|Table 2: Post-operative complications following Ahmed valve surgery to treat refractory glaucoma|
Click here to view
The number of medications used to control refractory glaucoma before and after surgery is shown in [Table 3]. There was decline in the number of eye drops and medications to control ocular pressure after surgery.
|Table 3: Distant vision before and after Ahmed valve surgery for treating refractory glaucoma|
Click here to view
We grouped our participants based on the BCVA prior to the surgery. In five eyes, we were not able to assess the vision. Moderate visual impairment (6/18 to 6/60) was noted in nine eyes. Severe visual impairment (SVI) was noted in five eyes. In 21 (52.2%) eyes, BCVA was less than 3/60. The postoperative visual acuity is compared in [Table 4] and [Figure 2]. Visual testing on the first day after surgery was not possible in a large number of participants. Moderate visual impairment (MVI) at six weeks following surgery was noted in 16 (40%) eyes.
|Figure 2: The percentage proportion of eyes with different grades of visual status is compared at different times of follow P after AGV surgery. The vision improved with time after surgery, but missing cases were a sizable proportion|
Click here to view
|Table 4: Postoperative reduction in the number of oral/local medications following Ahmed valve surgery for treating refractory glaucoma|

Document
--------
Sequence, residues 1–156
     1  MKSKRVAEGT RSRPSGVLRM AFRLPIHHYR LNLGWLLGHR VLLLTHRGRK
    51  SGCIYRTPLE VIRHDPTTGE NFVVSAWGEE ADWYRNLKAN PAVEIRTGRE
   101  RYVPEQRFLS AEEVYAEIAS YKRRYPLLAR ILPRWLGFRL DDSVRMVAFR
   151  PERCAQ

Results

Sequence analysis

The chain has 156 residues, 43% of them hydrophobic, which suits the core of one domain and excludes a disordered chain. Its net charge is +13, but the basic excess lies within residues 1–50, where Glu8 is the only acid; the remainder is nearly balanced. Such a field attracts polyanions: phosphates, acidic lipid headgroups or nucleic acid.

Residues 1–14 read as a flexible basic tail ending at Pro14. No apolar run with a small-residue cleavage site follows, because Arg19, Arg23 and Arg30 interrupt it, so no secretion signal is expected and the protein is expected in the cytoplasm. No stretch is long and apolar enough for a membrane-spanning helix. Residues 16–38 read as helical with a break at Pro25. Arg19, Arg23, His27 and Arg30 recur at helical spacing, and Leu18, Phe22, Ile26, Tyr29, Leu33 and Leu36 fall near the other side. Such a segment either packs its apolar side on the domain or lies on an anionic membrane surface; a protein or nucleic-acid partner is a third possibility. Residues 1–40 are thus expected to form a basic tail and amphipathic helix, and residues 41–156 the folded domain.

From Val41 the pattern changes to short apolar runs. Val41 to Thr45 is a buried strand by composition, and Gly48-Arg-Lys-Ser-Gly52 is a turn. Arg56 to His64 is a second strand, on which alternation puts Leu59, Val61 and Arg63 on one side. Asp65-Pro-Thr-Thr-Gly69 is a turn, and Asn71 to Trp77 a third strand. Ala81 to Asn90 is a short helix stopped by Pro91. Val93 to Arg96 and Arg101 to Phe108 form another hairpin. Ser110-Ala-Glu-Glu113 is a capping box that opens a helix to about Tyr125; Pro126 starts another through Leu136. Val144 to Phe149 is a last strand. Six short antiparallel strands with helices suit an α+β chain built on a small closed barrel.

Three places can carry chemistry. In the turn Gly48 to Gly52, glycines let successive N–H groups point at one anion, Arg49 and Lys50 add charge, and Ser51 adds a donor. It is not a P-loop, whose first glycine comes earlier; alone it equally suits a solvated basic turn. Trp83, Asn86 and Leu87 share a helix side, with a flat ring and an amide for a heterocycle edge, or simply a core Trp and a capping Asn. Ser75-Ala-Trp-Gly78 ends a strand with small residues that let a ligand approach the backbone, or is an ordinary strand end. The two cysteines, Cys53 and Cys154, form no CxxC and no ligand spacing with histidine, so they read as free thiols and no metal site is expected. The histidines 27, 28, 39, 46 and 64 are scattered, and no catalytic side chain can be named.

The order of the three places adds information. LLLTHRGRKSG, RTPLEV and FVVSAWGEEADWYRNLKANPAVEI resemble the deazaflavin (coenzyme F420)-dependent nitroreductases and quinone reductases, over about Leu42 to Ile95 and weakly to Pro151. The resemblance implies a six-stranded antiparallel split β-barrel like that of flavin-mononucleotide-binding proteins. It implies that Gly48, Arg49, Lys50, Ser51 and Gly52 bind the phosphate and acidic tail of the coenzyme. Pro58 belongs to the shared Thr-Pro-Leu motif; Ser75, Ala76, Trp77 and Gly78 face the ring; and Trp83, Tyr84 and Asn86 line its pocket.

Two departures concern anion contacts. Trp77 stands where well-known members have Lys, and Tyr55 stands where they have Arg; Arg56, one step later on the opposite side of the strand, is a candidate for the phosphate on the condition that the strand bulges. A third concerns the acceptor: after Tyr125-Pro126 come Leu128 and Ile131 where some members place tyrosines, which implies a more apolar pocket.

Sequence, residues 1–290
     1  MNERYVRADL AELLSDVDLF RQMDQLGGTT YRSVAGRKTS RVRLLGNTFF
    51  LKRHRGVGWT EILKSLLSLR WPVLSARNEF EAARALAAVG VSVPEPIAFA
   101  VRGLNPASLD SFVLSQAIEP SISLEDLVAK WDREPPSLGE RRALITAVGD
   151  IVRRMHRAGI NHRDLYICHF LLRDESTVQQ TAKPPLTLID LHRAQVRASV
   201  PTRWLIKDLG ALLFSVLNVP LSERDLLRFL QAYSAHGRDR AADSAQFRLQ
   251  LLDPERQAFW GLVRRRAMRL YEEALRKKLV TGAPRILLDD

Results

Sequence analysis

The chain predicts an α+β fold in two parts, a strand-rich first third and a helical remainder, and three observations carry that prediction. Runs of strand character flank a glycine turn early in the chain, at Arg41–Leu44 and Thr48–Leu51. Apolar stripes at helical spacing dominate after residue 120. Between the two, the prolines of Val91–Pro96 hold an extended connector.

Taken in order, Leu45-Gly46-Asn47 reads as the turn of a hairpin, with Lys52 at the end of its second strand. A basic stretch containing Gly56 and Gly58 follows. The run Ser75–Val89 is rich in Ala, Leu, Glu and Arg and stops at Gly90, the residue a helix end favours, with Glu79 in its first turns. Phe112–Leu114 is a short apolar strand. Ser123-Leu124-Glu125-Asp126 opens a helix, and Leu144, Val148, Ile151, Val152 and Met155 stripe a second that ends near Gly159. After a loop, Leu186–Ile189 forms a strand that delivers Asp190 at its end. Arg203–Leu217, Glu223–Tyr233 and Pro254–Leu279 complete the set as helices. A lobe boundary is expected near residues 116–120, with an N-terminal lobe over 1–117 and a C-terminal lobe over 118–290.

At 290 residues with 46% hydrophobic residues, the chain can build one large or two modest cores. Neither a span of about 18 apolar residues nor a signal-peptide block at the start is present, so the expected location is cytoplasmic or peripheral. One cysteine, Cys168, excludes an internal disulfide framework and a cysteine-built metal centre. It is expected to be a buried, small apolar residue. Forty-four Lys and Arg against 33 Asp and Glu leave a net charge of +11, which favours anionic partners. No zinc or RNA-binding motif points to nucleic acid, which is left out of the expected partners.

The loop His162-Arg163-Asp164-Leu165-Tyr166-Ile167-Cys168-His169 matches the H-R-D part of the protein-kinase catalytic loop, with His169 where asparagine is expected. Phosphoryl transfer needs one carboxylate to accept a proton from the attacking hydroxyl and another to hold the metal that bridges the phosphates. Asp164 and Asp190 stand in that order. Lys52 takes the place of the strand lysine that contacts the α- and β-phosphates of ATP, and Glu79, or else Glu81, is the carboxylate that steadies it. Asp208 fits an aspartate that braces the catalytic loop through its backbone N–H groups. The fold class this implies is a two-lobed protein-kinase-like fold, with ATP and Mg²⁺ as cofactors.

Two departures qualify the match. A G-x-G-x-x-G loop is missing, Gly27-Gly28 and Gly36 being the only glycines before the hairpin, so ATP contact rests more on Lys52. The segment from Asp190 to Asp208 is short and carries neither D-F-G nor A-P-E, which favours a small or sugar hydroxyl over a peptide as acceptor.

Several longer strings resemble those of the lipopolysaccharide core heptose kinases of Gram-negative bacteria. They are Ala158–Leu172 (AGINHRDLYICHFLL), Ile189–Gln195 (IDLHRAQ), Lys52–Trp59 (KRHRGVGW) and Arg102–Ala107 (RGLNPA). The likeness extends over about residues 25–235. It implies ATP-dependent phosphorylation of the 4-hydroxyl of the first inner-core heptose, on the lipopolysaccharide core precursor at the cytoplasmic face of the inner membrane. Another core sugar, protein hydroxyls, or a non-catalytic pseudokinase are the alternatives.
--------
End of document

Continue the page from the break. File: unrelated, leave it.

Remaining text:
Click here to view
| Discussion|| |
Refractory glaucoma is a major concern for care providers as they are complex cases to deal with. Results of conventional surgeries are not promising, and advanced interventions are needed to alleviate symptoms and signs in patients. Evidence suggests that the use of valves have improved the short term, intermediate, and long term surgical outcomes. ,, Our results also confirm that AGV implant surgery provides an acceptable level of success in the Omani population.
The study results demonstrated that IOP declined by 22.1 mmHg at six weeks and 23.8 mmHg at 12 weeks following AGV implant surgery among Omani patients with refractory glaucoma. The anti-glaucoma medication application to control IOP reduced from mean 2.38 (SD 1.1) before surgery to mean 1.92 (SD 0.9) at 12 weeks. In one eye, we had to remove valve due to complication. The follow up period in our study was three and six months, and it could be termed as short term follow up of AGV implant to treat glaucoma.